Website usability - some guidelines for good navigation
In my last blog we looked at the increasing Google focus on website usability in their algorithm. In this blog we’ll start to look at some of the principles of good usability design, and as it is such an involved subject we’ll split the blog over a few posts.
Top of the list when planning a site is navigation. If that doesn’t work then users are never going to find their way around the site and all your hard work writing content and providing fabulous images will be wasted.
So, some recommendations for when you’re planning your website navigation:
- Your navigation system needs to tell the user - where they are right now, where they’ve come from, and where they can go. (Include breadcrumbs to show a user where they currently are on the site.)
- Keep your navigation consistent. The navigation system should be in the same place on every page and have the same format. Don’t make your users have to search for the navigation on every page they visit.
- Provide more than one navigation option – It never fails to amaze me how different people can have completely different methods for navigating website. So don’t assume that how you think a user might access particular pages is actually going to be the way the user wants to go.
- Follow convention – Everybody wants their website to be special and standout from the crowd, but there is increasing evidence that users are increasingly seeing the web as a whole and so expect to be able to navigate various sites in much the same way. Making your navigation different for the sake of it just confuses your users and they’ll waste no time going elsewhere.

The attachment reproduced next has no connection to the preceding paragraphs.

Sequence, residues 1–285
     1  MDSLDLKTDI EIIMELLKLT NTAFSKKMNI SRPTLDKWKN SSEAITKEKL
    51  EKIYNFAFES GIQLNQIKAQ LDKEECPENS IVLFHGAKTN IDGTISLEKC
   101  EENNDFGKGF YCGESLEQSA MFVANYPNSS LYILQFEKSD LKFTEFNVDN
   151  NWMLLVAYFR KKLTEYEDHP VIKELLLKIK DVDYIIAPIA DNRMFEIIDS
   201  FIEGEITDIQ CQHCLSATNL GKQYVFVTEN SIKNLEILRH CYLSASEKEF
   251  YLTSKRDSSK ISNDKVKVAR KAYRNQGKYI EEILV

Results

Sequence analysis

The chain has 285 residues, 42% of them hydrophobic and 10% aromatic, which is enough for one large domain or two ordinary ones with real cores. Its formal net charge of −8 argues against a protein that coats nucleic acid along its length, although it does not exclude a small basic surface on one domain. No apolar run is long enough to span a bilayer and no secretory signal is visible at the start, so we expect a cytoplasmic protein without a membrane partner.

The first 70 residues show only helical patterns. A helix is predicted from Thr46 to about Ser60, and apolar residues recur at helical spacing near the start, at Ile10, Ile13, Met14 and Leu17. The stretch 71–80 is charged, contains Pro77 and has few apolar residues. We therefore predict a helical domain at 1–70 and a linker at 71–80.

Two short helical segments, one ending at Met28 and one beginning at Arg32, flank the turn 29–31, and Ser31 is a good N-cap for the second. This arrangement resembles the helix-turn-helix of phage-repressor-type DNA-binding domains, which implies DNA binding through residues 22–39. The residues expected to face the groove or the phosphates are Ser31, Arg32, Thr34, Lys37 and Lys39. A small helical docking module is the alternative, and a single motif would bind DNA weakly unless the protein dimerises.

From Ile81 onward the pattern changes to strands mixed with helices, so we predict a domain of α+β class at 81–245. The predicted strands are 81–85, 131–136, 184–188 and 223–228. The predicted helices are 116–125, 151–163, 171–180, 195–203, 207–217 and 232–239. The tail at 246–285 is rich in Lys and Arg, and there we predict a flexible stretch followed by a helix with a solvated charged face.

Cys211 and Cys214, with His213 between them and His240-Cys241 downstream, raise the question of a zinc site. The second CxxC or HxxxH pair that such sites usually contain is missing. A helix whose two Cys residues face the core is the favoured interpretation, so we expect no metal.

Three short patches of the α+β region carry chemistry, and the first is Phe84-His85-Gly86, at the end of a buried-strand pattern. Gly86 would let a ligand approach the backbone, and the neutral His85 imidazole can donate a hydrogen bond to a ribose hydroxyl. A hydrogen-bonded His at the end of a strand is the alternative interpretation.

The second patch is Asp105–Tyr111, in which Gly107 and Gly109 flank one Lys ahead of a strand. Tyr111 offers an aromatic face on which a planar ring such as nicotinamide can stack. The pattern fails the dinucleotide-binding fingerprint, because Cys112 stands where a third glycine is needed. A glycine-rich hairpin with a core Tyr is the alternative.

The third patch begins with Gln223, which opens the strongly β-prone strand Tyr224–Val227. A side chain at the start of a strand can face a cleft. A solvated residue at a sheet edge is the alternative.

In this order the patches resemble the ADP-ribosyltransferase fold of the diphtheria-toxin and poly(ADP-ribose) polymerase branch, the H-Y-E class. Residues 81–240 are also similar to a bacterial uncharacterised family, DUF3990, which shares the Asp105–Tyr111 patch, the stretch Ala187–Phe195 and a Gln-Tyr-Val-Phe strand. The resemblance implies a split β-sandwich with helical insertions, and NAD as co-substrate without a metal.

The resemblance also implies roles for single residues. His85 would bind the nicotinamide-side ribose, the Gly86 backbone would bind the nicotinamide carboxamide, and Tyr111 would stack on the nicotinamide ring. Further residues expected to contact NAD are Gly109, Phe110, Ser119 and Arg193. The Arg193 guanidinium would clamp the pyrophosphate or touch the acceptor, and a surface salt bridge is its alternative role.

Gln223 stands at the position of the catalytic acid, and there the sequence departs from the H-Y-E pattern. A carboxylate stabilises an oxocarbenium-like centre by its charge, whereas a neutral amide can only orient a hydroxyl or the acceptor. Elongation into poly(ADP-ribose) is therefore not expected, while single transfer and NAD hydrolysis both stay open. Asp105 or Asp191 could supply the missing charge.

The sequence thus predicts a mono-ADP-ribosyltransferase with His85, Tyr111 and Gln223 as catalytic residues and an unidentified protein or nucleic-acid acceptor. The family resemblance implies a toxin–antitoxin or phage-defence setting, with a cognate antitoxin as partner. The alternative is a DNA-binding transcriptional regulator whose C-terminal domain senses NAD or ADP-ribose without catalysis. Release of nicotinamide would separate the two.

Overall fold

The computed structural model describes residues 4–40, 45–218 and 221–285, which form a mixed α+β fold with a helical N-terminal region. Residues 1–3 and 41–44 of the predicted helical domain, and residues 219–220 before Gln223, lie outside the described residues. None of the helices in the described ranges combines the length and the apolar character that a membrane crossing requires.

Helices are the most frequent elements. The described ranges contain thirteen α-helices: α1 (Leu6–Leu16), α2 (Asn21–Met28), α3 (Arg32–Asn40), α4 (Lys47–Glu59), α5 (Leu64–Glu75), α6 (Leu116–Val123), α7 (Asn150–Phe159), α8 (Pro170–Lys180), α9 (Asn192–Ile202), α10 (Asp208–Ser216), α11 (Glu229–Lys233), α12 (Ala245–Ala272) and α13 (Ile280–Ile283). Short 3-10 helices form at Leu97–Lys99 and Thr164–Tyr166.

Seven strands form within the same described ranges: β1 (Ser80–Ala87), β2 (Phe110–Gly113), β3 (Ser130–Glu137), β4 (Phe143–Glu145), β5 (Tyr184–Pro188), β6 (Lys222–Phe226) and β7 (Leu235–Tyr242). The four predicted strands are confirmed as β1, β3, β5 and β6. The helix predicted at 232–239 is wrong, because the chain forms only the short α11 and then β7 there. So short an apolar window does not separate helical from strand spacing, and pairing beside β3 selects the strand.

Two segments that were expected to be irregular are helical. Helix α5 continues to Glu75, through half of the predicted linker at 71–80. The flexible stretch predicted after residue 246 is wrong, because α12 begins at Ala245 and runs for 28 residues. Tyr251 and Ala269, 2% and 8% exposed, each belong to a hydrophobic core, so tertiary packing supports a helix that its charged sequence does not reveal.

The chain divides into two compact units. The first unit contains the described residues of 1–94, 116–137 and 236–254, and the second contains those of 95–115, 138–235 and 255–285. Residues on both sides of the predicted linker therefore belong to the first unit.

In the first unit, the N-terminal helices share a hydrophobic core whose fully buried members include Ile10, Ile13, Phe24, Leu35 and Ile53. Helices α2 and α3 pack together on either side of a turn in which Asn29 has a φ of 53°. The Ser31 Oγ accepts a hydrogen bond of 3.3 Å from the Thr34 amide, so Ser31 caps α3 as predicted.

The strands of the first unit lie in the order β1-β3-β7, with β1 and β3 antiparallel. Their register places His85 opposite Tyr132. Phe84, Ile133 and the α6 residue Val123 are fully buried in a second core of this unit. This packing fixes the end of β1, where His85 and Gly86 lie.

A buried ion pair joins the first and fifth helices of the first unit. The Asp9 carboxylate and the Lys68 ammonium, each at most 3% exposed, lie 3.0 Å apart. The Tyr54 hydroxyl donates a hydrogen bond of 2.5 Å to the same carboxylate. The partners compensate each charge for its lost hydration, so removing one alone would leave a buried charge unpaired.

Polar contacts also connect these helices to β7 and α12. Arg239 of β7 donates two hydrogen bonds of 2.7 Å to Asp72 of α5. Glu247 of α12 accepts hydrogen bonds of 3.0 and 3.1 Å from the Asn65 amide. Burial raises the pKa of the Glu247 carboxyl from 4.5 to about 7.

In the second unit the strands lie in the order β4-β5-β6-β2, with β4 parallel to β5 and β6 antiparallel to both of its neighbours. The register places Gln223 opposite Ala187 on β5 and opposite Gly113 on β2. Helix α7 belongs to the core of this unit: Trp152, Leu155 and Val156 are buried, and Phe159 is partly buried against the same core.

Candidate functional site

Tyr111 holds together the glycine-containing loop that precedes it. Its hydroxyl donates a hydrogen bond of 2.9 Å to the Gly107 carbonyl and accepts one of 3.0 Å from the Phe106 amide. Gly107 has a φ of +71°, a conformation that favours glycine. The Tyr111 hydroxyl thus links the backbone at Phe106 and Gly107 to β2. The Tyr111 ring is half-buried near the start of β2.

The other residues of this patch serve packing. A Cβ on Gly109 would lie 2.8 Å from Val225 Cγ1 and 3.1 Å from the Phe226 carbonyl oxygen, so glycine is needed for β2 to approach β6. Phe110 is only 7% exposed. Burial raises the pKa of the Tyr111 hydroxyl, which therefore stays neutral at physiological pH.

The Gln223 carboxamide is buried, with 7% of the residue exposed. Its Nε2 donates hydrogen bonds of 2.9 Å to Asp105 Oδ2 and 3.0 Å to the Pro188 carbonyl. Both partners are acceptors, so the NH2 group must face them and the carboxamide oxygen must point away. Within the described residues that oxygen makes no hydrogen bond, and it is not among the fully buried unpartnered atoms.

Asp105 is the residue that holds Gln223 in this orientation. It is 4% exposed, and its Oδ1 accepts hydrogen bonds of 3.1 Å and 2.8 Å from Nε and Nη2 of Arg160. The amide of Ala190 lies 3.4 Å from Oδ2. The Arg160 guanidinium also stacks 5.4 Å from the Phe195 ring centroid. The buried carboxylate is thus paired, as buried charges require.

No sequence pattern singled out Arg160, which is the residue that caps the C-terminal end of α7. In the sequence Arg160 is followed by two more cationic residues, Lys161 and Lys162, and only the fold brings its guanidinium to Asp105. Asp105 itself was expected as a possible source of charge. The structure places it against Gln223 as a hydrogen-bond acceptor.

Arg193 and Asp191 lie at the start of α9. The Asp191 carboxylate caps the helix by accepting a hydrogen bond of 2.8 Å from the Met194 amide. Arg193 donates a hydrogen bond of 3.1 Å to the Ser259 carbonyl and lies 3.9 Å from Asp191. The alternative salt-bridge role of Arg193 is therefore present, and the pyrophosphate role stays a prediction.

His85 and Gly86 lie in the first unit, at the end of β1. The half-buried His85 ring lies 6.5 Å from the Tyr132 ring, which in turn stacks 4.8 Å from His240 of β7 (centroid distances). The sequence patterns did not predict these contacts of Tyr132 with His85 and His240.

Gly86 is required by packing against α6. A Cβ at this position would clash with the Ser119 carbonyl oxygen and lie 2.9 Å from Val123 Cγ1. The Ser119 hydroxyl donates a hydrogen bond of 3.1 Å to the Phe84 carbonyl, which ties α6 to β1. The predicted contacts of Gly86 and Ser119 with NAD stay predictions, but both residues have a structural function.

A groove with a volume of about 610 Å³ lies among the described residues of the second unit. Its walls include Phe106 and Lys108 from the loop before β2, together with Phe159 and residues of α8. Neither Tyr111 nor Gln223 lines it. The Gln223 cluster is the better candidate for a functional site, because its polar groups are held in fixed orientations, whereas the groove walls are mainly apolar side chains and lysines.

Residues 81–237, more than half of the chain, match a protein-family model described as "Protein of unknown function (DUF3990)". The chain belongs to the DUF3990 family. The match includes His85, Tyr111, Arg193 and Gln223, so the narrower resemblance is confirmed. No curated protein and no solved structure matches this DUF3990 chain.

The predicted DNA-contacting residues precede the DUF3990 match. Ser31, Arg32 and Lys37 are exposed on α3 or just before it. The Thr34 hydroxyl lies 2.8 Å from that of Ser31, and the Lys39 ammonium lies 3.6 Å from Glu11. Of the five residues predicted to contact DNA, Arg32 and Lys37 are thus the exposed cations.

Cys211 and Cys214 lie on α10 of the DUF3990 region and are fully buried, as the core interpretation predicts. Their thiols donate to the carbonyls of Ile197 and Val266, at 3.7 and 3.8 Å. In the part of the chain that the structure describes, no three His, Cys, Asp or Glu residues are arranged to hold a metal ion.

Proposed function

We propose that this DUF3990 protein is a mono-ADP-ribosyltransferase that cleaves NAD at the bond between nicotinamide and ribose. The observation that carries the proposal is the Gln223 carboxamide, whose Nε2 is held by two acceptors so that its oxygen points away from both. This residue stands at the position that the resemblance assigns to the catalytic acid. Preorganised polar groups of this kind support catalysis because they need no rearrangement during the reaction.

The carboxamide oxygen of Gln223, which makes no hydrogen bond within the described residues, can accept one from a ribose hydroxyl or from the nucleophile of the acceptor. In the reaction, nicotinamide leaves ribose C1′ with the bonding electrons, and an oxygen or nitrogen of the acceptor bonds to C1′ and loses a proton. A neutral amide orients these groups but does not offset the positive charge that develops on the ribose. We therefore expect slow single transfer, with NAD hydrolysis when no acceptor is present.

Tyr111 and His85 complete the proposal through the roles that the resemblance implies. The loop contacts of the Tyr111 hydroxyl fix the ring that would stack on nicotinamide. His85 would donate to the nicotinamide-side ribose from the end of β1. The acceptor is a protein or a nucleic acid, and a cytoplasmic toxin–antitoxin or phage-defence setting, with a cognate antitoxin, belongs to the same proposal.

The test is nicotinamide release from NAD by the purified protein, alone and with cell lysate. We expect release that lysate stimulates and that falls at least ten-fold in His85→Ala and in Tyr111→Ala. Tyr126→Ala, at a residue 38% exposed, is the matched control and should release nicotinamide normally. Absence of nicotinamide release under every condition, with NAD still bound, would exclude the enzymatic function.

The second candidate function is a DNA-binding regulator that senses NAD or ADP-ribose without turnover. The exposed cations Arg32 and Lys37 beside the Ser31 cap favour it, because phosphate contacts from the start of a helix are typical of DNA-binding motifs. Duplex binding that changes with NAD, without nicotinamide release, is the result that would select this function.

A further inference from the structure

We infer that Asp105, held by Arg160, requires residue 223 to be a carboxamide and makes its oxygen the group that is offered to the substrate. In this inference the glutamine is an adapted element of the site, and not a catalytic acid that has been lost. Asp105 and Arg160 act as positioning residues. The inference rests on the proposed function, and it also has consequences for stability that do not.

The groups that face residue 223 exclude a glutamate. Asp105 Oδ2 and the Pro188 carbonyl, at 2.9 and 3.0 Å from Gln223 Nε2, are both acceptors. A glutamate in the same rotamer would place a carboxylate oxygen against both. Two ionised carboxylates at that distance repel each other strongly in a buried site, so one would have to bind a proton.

- Include a home page link in the main navigation. User are highly likely to be entering your site from a Google link and that could be to any page on your site. Make it easy for them to find your home page.
- Link your logo to the home page. This is a web convention and users will often click the logo to find the home page
- Add site search. - site search provides your users with another way to navigate your site, and if your site is large, can save the user a lot of time. Don’t include a Search the Web function, having spent a lot of effort on getting visitors to your site, why would you want to send them off to another site?
- Include a text site map – not as often used as site search perhaps, but for a large site it can help your users to make sense of the site as a whole as well as find specific pages quickly.
That’s it for now, remember that good usability is crucial to the success of your website.
(As I was writing this blog, I looked around for some examples of poor navigation, I found this site with some excellent examples of how not to design the navigation on your site, it was a hard choice between this site and this one! )
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